In the plastic architecture, the compressor is usually found between the condenser and the evaporator components.
It is driven by an electrical motor and is partially insulated depending on whether it is positioned internally or externally.
Earmuffs and other hearing protection equipment are recommended for operators because compressors can be very loud.
Condenser: This component is found between the compressor and the expansion valve.
Its main function is to cool down the refrigerant as it makes it’s way from the evaporator.
The common types of condensers are, water-cooler condensers and air-cooled condensers.
Expansion valve: The main role of this component is to reduce the pressure of the refrigerant and increasing its volume by expanding it.
Thus, making it easier for the refrigerant to extract heat form the evaporator.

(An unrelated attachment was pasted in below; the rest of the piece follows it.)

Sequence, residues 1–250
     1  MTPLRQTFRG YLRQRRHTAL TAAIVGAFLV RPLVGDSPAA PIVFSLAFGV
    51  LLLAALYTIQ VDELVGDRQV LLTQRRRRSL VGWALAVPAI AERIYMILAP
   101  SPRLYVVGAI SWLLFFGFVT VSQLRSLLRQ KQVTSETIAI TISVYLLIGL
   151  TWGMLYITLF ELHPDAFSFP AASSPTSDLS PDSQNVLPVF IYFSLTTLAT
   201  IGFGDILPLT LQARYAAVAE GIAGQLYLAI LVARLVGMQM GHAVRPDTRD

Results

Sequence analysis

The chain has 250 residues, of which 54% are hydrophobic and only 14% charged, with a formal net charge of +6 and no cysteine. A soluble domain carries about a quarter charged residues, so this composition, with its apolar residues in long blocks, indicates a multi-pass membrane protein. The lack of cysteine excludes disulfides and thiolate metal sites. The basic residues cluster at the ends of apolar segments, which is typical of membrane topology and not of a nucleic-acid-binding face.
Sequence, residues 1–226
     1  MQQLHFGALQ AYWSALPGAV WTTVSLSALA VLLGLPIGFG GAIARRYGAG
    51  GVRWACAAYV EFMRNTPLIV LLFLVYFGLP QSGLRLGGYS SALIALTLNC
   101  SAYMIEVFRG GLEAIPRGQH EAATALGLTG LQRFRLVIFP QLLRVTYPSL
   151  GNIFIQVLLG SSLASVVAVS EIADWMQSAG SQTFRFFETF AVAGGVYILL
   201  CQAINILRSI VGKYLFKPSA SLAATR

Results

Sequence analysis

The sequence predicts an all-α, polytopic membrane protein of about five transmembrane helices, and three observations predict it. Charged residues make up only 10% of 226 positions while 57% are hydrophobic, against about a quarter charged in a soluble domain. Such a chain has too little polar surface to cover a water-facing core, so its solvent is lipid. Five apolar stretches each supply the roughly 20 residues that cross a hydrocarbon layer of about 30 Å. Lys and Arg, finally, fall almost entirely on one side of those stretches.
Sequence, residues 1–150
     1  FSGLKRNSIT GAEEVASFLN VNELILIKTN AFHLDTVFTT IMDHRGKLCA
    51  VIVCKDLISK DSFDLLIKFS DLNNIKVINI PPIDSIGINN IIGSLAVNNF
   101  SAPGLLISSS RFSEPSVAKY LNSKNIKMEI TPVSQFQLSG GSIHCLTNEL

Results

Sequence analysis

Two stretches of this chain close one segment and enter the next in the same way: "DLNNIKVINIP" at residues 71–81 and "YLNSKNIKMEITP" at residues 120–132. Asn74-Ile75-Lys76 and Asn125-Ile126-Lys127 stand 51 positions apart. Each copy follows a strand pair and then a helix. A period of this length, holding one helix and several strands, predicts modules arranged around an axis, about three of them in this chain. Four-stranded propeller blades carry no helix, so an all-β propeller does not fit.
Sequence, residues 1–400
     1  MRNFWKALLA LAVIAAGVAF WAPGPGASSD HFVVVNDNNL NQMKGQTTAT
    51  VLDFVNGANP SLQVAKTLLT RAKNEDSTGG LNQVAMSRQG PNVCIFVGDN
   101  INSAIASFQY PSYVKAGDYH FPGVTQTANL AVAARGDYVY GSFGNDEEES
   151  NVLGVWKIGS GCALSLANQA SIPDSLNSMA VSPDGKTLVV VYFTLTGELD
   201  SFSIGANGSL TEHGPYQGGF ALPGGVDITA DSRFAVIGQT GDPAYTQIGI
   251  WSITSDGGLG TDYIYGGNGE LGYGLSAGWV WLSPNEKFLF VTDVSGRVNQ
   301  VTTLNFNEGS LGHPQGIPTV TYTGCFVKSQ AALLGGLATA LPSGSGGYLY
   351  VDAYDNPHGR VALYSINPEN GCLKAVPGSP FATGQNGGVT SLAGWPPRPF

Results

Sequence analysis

The most common expansion valve types are electrical, thermal, orifice, and pilot expansion valve.
This component is usually positioned between the evaporator and condenser.
Evaporator: This component is positioned between the compressor and expansion valve.
It collects excess heat and there are three common variations I.e., grazed plate, tube and coil evaporates.
How does Air-cooled Plastic Chiller Work?
Air-cooled chillers work by the principle of heat absorption.
The heat absorbed is produced from processed water.
As soon as the air handler system’s water temperature cools down, it gets tubed back into the plastic chiller.
The liquid coolant (water or water-glycol mixture) evaporates, thereby producing low-pressure gas, which is later compressed into a high-pressure gas.
This gas is then directed to the air-cooled condensers, where the heat gets extracted.
Once the air exits the condenser, the coolant changes form once more to become a high-pressure liquid.
It travels through the expansion valve into the evaporator, during which it changes into a low pressured liquid.
This liquid is then transferred back into the evaporator because plastic chillers operate on recurring cycles.
The process occurs repeatedly. Auxiliary information are as follows: